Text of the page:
Monitoring of central venous pressure (CVP) and pulmonary arterial occlusion pressure (PAOP) has been used commonly in critically ill patients to assess the patients' volume status. Because CVP varies considerably in critically ill patients, due to heart-lung interaction especially in mechanically ventilated patients, CVP has no significant clinical value in these patients. PAOP also has been shown to fail to predict ventricular filling pressure, blood volume, and response to volume infusion3, 9, 10. Measurement of CVP and PAOP is invasive and requires central venous catheter access that carries risks of pneumothorax, infection, and bleeding.
Because of above-mentioned limitations, several methods have been developed to measure blood volume by using tracer dilution technique. The tracer should be inert, safe, and remains within intravascular compartment. Tracers for blood volume measurement that have been used include 1.I125Radio-labeled albumin, 2. Synthetic colloids (Hetastarch, dextran-70), 3.Small molecules that bind to plasma proteins (Evan's blue dye, indo-cyanine green), 4. Red cell labeling (chromium-51, carbon monoxide). There are many problems with these techniques and most of them are complicated, time consuming, unreliable, and not readily available for clinical use11.
A semi-automated instrument (BVA-100, Dexor Corporation) approved by US food and Drug Administration (FDA) is currently available that can measure blood volume in less than 90 min with a 98% accuracy. The blood volume is measured after intravenous injection of 10 to 25 µ Ci of iodine-131-labeled albumin12. Information provided by blood volume analyzer is shown in table 1.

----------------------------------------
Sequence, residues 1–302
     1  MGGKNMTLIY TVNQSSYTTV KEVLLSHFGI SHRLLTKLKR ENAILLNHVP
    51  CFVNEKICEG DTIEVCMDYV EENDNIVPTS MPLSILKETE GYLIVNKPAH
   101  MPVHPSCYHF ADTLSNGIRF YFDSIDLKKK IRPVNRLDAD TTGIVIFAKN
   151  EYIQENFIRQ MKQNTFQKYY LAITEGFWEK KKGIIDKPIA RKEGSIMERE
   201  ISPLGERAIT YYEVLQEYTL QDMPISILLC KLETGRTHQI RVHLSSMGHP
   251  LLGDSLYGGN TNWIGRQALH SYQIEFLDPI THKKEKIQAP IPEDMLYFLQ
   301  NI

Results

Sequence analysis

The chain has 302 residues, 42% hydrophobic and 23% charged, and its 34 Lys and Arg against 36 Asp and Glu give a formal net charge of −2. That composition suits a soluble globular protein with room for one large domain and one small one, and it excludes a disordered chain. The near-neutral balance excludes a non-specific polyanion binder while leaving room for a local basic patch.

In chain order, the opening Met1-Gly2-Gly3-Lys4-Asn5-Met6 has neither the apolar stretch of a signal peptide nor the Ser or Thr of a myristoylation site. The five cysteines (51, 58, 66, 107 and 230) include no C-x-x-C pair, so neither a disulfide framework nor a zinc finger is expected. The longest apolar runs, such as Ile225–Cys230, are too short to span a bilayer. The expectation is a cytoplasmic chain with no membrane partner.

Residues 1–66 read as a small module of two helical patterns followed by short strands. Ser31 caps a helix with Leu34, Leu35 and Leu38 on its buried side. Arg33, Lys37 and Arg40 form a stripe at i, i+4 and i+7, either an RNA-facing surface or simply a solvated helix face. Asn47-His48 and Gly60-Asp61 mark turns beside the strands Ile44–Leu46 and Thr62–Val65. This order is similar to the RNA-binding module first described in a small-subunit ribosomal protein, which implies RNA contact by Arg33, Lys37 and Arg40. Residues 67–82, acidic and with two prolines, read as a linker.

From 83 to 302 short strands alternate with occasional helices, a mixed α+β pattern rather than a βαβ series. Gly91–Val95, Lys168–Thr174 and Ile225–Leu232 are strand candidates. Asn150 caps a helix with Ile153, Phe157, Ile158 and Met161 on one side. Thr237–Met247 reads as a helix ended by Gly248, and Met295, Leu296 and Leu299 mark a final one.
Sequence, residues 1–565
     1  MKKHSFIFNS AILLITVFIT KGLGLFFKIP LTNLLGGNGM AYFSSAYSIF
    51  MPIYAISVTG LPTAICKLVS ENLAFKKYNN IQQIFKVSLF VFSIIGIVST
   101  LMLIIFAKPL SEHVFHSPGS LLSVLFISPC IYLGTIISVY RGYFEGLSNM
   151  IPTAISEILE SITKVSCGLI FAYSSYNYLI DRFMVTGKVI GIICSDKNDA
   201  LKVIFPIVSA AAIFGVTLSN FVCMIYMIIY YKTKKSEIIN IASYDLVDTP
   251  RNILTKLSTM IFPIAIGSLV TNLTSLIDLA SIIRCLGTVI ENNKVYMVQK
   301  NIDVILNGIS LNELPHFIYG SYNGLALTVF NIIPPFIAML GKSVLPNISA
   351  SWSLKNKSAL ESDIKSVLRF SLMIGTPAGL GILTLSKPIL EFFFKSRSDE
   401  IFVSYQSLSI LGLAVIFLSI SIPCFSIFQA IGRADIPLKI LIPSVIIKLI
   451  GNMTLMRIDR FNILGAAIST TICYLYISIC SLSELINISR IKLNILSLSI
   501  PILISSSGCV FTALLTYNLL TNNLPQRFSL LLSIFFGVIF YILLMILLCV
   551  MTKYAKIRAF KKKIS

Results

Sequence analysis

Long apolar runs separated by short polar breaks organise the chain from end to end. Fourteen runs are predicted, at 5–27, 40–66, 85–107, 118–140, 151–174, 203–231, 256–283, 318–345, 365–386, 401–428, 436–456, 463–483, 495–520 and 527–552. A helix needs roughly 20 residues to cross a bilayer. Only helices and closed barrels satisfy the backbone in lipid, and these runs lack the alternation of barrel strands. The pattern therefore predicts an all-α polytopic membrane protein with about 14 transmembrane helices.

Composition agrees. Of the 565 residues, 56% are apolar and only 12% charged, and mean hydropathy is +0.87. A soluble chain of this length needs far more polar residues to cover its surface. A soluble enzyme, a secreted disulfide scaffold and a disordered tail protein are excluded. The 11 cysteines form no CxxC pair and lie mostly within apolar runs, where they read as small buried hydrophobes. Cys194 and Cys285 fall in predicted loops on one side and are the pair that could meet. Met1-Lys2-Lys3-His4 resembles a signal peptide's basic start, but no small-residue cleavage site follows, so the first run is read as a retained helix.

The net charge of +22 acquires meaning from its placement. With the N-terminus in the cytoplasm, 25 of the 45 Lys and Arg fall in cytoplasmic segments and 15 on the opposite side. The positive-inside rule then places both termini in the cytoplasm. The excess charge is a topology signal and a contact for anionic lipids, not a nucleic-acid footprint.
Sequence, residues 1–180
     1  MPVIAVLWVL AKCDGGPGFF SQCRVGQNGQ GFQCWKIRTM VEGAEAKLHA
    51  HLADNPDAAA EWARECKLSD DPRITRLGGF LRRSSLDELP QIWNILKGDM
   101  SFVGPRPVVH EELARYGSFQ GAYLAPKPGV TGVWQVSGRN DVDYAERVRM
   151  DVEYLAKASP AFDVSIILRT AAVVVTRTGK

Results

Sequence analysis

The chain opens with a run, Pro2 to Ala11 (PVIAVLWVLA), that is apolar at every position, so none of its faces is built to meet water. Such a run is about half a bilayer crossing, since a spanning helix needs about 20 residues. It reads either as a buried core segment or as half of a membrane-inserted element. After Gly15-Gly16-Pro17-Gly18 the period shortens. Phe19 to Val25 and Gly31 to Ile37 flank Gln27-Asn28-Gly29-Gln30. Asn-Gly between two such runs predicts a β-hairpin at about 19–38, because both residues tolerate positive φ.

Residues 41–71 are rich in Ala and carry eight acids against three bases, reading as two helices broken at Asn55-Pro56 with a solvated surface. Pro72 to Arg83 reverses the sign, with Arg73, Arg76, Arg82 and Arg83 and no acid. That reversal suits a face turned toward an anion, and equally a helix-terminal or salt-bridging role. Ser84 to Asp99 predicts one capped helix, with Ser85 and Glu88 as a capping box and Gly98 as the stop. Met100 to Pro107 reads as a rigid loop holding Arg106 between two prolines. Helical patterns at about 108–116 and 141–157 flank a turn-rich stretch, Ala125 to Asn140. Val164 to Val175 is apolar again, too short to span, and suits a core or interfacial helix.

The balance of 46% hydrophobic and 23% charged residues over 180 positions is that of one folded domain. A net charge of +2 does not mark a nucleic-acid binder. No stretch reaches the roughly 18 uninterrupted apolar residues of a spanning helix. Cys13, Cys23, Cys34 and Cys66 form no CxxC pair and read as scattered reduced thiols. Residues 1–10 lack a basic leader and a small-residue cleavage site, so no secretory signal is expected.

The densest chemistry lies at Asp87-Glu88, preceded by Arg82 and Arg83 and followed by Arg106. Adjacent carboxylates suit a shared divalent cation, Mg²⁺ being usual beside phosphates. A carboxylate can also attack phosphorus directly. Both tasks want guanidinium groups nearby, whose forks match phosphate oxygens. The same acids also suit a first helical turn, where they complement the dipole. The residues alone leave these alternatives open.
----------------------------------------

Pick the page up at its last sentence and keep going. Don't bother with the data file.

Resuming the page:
Two studies have evaluated the value of bedside blood volume analyzer. Yamauchi et al showed that although there was a statically significant correlation between PAOP and blood volume, blood volume information resulted in different treatment in 21% of the time13. In another retrospective study of 40 surgical patients, Biuk-Aghai et al demonstrated that treatment change occurred in 36% cases with addition of blood volume information. The treatment changes included less fluid infusion, less diuretic use, and packed blood transfusion14. Although these results are interesting, further studies are necessary to document the impact of bedside blood volume analyzer on major outcomes like mortality, ICU stay, ventilator free days, and hospital stay. Bedside blood volume analyzer provides the researchers and clinicians with and effective and practical tool that enable them to answer important questions in critical care medicine by performing new studies that were not easily possible in the past.